Portal:Oceans

The Oceans Portal
A portal dedicated to oceans, seas, oceanography and related topics

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Introduction

Surface view of the Atlantic Ocean

An ocean is a body of water that composes much of a planet's hydrosphere. On Earth, an ocean is one of the major conventional divisions of the World Ocean. These are, in descending order by area, the Pacific, Atlantic, Indian, Southern (Antarctic), and Arctic Oceans. The phrases "the ocean" or "the sea" used without specification refer to the interconnected body of salt water covering the majority of the Earth's surface. As a general term, "the ocean" is mostly interchangeable with "the sea" in American English, but not in British English. Strictly speaking, a sea is a body of water (generally a division of the world ocean) partly or fully enclosed by land. (Full article...)

Waves in Pacifica, California

The sea, the world ocean or simply the ocean is the connected body of salty water that covers over 70 percent of the Earth's surface. It moderates Earth's climate and has important roles in the water cycle, carbon cycle, and nitrogen cycle. It has been travelled and explored since ancient times, while the scientific study of the sea—oceanography—dates broadly from the voyages of Captain James Cook to explore the Pacific Ocean between 1768 and 1779. The word sea is also used to denote smaller, partly landlocked sections of the ocean and certain large, entirely landlocked, saltwater lakes, such as the Caspian Sea and the Dead Sea. (Full article...)

Oceanography (compound of the Greek words ὠκεανός meaning "ocean" and γράφω meaning "write"), also known as oceanology, is the study of the physical and biological aspects of the ocean. It is an important Earth science, which covers a wide range of topics, including ecosystem dynamics; ocean currents, waves, and geophysical fluid dynamics; plate tectonics and the geology of the sea floor; and fluxes of various chemical substances and physical properties within the ocean and across its boundaries. These diverse topics reflect multiple disciplines that oceanographers blend to further knowledge of the world ocean and understanding of processes within: astronomy, biology, chemistry, climatology, geography, geology, hydrology, meteorology and physics. Paleoceanography studies the history of the oceans in the geologic past. An oceanographer is a person who studies many matters concerned with oceans including marine geology, physics, chemistry and biology. (Full article...)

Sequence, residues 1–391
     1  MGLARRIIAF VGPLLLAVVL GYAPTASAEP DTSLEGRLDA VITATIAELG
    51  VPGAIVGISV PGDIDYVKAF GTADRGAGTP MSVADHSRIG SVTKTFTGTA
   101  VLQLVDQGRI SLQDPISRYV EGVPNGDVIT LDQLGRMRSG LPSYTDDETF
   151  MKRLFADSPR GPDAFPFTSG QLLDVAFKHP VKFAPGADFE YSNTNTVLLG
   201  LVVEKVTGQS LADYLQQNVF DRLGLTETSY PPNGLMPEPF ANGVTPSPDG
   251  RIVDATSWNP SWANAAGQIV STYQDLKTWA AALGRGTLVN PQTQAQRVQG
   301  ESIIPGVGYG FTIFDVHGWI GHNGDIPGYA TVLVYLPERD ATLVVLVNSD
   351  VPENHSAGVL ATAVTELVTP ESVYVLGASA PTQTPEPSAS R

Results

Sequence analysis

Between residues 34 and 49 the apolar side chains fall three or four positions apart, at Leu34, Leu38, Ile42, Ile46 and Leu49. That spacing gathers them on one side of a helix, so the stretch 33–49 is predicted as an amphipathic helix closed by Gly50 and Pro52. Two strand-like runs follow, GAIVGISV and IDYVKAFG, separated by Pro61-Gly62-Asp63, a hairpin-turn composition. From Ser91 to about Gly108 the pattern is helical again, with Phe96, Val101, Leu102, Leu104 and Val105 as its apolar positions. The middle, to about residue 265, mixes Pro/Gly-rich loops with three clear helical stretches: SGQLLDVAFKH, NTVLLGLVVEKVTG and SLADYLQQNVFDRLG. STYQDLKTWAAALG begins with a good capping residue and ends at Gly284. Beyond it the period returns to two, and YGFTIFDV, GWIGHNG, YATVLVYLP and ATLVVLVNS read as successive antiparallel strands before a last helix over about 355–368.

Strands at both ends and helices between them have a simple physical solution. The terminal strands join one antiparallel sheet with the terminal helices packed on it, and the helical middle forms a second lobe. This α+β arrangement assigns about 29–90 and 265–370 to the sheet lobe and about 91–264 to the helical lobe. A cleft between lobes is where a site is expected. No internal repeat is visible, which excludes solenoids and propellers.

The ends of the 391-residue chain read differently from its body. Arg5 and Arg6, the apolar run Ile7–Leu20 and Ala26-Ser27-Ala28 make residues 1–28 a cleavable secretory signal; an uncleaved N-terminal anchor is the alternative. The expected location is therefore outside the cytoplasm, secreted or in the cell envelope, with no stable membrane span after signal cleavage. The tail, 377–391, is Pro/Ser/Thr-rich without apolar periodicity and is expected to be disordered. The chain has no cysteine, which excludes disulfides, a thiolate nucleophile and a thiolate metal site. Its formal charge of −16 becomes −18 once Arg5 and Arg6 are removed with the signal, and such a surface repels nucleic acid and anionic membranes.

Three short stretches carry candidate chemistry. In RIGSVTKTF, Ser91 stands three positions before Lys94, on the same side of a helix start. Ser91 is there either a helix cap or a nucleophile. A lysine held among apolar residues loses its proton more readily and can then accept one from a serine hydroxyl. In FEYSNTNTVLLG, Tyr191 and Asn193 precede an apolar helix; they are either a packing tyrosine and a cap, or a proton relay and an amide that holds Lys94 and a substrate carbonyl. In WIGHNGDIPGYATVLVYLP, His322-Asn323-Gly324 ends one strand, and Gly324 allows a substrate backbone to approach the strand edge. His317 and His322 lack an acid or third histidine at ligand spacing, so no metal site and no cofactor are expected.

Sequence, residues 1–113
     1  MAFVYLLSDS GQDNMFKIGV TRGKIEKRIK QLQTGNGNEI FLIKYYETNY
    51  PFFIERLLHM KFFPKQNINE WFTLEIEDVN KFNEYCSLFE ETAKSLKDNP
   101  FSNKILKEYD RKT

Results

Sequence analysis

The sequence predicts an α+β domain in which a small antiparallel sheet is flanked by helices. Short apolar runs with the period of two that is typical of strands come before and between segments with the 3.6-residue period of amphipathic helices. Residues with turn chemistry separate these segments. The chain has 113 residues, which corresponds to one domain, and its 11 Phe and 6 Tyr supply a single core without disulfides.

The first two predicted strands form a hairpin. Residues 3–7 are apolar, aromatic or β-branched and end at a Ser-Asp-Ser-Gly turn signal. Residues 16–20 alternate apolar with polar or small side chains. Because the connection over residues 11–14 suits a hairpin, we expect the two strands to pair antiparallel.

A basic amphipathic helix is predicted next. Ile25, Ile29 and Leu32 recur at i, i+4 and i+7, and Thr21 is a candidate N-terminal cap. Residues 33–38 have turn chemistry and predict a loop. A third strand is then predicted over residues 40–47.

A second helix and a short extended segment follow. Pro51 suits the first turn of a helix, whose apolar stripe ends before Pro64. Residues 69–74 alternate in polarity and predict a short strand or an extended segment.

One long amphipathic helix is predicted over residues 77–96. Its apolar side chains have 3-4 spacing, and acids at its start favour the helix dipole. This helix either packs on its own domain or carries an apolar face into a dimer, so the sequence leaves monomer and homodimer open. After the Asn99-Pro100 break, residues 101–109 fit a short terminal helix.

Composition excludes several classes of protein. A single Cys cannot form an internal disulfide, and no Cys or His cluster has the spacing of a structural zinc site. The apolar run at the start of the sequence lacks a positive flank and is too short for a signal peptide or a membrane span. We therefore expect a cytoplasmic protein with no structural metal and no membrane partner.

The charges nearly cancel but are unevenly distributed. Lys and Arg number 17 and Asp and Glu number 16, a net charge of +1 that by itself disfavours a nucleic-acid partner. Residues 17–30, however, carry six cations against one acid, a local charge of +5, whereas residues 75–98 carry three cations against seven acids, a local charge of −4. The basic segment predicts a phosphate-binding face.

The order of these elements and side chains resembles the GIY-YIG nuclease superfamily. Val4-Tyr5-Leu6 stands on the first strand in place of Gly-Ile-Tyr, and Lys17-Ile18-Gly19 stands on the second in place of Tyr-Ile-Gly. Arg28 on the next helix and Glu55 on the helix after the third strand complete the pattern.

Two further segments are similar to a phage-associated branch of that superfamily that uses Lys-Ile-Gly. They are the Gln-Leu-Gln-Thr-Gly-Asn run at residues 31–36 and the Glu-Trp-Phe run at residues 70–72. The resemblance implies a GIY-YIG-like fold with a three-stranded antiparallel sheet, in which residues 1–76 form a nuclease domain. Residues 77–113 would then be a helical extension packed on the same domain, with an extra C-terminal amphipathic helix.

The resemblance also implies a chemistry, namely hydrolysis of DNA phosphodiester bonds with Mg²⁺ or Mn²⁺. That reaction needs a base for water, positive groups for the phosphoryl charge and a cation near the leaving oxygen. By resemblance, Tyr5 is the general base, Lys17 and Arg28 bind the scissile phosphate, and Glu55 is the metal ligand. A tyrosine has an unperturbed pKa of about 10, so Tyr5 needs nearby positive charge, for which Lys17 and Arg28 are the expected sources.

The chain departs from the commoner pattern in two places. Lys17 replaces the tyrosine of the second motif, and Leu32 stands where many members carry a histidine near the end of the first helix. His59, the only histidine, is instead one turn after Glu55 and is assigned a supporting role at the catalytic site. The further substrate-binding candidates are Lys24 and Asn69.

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Location of the Barents Sea

The Barents Sea (/ˈbærənts/ BARR-ənts, also US: /ˈbɑːrənts/ BAR-ənts; Norwegian: Barentshavet, Urban East Norwegian: [ˈbɑ̀ːrəntsˌhɑːvə]; Russian: Баренцево море, romanizedBarentsevo More) is a marginal sea of the Arctic Ocean, located off the northern coasts of Norway and Russia and divided between Norwegian and Russian territorial waters. Known among Russians in the Middle Ages as the Murman Sea ("Norwegian Sea"), the current name of the sea is after the historical Dutch navigator Willem Barentsz.

This is a rather shallow shelf sea, with an average depth of 230 metres (750 ft), and it is an important site for both fishing and hydrocarbon exploration. The Barents Sea is bordered by the Kola Peninsula to the south, the shelf edge towards the Norwegian Sea to the west, and the archipelagos of Svalbard to the northwest, Franz Josef Land to the northeast and Novaya Zemlya to the east. The islands of Novaya Zemlya, an extension of the northern end of the Ural Mountains, separate the Barents Sea from the Kara Sea. (Full article...)
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Uses material from the Wikipedia article Portal:Oceans, released under the CC BY-SA 3.0 license.